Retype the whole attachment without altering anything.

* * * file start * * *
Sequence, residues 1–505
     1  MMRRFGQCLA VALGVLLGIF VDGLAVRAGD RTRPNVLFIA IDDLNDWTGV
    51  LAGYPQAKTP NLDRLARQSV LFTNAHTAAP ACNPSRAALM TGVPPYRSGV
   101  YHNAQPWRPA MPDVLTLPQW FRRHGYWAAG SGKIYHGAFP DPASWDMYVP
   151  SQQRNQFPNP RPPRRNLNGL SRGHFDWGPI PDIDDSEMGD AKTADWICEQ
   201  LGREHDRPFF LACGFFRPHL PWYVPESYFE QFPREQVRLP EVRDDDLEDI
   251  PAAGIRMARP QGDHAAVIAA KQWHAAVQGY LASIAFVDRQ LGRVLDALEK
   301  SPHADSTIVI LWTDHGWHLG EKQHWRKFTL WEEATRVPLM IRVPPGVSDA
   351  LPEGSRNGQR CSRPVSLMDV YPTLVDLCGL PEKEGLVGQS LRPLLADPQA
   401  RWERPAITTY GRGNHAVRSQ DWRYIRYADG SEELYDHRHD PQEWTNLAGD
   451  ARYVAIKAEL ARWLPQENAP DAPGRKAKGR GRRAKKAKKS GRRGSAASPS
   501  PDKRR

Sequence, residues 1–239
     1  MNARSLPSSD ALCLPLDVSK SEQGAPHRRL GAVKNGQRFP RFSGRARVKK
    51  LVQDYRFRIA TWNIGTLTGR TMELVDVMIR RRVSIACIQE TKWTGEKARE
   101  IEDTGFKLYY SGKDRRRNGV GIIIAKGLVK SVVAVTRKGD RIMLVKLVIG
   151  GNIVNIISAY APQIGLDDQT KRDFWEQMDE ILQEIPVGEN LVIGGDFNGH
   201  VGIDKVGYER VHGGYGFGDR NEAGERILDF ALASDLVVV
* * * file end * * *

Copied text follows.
Sequence, residues 1–505
     1  MMRRFGQCLA VALGVLLGIF VDGLAVRAGD RTRPNVLFIA IDDLNDWTGV
    51  LAGYPQAKTP NLDRLARQSV LFTNAHTAAP ACNPSRAALM TGVPPYRSGV
   101  YHNAQPWRPA MPDVLTLPQW FRRHGYWAAG SGKIYHGAFP DPASWDMYVP
   151  SQQRNQFPNP RPPRRNLNGL SRGHFDWGPI PDIDDSEMGD AKTADWICEQ
   201  LGREHDRPFF LACGFFRPHL PWYVPESYFE QFPREQVRLP EVRDDDLEDI
   251  PAAGIRMARP QGDHAAVIAA KQWHAAVQGY LASIAFVDRQ LGRVLDALEK
   301  SPHADSTIVI LWTDHGWHLG EKQHWRKFTL WEEATRVPLM IRVPPGVSDA
   351  LPEGSRNGQR CSRPVSLMDV YPTLVDLCGL PEKEGLVGQS LRPLLADPQA
   401  RWERPAITTY GRGNHAVRSQ DWRYIRYADG SEELYDHRHD PQEWTNLAGD
   451  ARYVAIKAEL ARWLPQENAP DAPGRKAKGR GRRAKKAKKS GRRGSAASPS
   501  PDKRR

Sequence, residues 1–239
     1  MNARSLPSSD ALCLPLDVSK SEQGAPHRRL GAVKNGQRFP RFSGRARVKK
    51  LVQDYRFRIA TWNIGTLTGR TMELVDVMIR RRVSIACIQE TKWTGEKARE
   101  IEDTGFKLYY SGKDRRRNGV GIIIAKGLVK SVVAVTRKGD RIMLVKLVIG
   151  GNIVNIISAY APQIGLDDQT KRDFWEQMDE ILQEIPVGEN LVIGGDFNGH
   201  VGIDKVGYER VHGGYGFGDR NEAGERILDF ALASDLVVV